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Located in southwestern China, Guizhou is one of the country’s most culturally diverse provinces, with the ethnic minority groups Miao and Yao making up over 37% of the population. It is also one of the nation’s poorest provinces, despite being rich in natural resources. The landscape is largely mountainous, and the region is home to a thriving ecosystem full of plant species native only to Guizhou. Perhaps the province’s biggest claim to fame, however, is its status as the birthplace of Maotai, a particularly potent brand of Chinese spirit.
Guiyang is full of history, despite having seen rapid growth from the 1990s onward. In fact, Guiyang has been the capital of Guizhou since it became a province in 1413. Historical sites around the city include Qingyan Ancient Town, which dates back to 1378, and Jiaxiu Pavilion, built during the Ming dynasty (1368-1644). Another must-see in the city is Qianling Park. This central city park is bustling with activity, including from the local wild monkeys.
Anshun is not a large city by Chinese standards, having only two million or so residents, but it is on the beaten tourist path because of Huangguoshu Waterfall. The waterfall is one of the largest in China by volume of water dispelled and looks different from every angle.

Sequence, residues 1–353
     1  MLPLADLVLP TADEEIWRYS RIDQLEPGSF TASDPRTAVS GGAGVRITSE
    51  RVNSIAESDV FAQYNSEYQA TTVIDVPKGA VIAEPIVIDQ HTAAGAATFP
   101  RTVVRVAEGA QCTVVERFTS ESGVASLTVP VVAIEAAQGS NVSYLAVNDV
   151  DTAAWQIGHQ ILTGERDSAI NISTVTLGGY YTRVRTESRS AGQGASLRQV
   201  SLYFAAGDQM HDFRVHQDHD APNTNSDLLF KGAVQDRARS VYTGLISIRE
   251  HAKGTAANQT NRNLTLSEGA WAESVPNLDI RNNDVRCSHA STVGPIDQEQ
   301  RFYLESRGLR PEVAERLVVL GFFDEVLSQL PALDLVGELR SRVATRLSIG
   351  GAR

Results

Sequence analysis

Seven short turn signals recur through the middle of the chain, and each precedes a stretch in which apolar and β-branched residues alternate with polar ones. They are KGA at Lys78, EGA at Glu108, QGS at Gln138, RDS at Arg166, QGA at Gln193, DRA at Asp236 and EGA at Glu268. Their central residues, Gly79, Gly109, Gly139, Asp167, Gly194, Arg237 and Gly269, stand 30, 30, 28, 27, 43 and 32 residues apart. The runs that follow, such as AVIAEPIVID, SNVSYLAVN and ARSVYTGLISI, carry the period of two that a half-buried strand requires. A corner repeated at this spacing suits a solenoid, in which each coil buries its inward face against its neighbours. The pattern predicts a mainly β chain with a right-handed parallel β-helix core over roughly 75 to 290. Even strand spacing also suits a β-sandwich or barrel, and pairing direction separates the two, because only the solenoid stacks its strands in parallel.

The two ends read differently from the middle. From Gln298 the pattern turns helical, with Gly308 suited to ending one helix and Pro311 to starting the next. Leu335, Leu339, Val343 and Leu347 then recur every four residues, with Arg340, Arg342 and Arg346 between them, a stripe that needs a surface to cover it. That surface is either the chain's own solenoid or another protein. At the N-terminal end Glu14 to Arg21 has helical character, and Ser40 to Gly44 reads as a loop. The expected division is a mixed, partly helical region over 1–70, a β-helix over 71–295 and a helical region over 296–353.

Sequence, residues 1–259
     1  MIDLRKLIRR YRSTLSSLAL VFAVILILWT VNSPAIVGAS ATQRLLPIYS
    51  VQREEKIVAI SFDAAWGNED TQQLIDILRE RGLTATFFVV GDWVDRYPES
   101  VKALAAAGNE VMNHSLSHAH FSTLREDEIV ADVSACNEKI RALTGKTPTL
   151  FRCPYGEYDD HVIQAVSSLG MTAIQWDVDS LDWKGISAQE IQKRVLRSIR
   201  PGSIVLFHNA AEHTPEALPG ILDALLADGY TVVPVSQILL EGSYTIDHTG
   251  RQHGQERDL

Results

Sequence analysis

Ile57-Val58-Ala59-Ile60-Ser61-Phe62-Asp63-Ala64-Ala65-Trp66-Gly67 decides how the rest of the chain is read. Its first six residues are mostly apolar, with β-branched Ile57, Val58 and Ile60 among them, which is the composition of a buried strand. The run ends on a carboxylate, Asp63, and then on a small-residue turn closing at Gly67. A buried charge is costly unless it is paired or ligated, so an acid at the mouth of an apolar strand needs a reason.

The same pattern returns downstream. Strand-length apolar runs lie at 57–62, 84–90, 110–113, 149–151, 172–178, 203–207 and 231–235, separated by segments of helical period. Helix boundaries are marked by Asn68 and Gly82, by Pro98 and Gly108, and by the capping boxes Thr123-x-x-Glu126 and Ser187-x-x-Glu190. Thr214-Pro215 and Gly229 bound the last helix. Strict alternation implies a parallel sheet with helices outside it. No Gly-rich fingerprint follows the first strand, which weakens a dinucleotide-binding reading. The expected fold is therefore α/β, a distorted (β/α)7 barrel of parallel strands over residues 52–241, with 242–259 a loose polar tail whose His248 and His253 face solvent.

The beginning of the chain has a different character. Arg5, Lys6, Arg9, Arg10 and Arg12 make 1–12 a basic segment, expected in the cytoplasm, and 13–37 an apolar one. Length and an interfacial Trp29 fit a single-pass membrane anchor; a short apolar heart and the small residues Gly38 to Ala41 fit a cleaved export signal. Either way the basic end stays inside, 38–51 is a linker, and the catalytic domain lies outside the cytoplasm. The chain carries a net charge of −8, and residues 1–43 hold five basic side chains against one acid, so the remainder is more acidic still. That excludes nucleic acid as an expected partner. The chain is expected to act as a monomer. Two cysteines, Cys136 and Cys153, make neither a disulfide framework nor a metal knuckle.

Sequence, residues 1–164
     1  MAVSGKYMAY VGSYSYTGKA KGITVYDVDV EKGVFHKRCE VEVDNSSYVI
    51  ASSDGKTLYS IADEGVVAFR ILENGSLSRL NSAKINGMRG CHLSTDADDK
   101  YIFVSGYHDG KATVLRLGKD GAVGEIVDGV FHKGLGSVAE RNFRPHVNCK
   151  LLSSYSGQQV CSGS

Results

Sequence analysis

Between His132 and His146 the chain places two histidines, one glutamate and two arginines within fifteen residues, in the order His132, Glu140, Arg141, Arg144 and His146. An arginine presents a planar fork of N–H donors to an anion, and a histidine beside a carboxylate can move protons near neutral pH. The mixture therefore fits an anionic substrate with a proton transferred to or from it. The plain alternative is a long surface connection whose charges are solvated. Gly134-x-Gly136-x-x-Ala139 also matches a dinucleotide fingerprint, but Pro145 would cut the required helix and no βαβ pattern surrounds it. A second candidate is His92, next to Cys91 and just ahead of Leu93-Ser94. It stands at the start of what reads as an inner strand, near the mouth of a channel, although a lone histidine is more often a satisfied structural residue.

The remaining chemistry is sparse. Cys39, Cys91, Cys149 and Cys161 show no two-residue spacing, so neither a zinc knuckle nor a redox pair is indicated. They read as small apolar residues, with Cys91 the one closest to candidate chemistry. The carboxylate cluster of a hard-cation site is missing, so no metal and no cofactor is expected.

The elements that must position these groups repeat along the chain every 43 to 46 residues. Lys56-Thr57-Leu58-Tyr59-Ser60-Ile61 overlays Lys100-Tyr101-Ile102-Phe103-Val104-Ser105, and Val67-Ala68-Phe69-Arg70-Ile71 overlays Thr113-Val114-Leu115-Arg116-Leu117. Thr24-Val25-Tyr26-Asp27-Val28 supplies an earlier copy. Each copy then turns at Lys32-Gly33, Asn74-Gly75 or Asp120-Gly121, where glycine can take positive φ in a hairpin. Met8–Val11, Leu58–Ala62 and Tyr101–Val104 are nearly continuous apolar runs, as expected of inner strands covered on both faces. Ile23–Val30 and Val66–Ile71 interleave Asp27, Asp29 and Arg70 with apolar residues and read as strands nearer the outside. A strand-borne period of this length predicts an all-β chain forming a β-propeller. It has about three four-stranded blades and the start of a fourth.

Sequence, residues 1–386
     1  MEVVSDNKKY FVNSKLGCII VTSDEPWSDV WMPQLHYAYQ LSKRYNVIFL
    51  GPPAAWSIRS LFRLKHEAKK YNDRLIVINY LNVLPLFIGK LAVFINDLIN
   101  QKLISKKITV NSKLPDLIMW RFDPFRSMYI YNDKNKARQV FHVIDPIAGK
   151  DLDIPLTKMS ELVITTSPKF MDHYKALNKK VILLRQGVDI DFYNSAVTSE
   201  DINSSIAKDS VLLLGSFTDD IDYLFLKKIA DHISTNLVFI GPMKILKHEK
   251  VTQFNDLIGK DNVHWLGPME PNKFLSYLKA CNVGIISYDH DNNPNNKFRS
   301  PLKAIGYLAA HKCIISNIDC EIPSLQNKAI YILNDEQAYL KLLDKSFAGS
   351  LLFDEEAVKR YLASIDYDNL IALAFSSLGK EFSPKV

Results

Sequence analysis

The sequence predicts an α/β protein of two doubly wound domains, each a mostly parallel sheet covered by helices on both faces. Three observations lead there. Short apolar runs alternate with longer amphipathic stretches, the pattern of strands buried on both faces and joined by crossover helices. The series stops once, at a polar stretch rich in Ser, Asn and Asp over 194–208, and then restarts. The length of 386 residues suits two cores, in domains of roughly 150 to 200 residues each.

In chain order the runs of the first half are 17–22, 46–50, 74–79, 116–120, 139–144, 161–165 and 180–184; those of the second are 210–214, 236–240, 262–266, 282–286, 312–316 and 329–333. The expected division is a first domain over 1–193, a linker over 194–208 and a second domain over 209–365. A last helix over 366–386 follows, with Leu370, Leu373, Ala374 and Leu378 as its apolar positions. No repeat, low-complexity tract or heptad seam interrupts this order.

Zunyi is the economic capital of Guizhou province and of particular significance to the Chinese Communist Party. Indeed, it is where Mao Zedong was elected leader of the Party after the Long March. Devoted Chinese tourists flock to the city to see the Zunyi Conference and Revolutionary Historical Sites, but the city still lacks recognition by most foreign tourists.
Qiandongnan Miao and Dong Autonomous Prefecture
Qiandongnan Miao and Dong Autonomous Prefecture is Guizhou’s biggest tourist draw. Home to the largest concentration of ethnic minorities in the province, Qiandongnan is a wonderful place to experience unique cultures just minutes from each other. Some of the towns in the prefecture have given way to the tourism monster and capitalized on their uniqueness by selling tickets to ethnic dance performances and the like, but many are still worth visiting for their rural vibes and one-of-a-kind architecture, as can be seen in the images below.
Langde Miao Village:
Guizhou cuisine, not as famous as Sichuanese cuisine, is equally spicy, if not more. Particular to the Guizhou palate, though, is the tendency towards sour flavors. There is even a local saying that demonstrates the importance of eating sour foods: “Without eating a sour dish for three days, people will stagger with weak legs.” Popular dishes include spicy hot rice noodle soup with lamb and bean curd, sour fish soup, and grasshopper salad.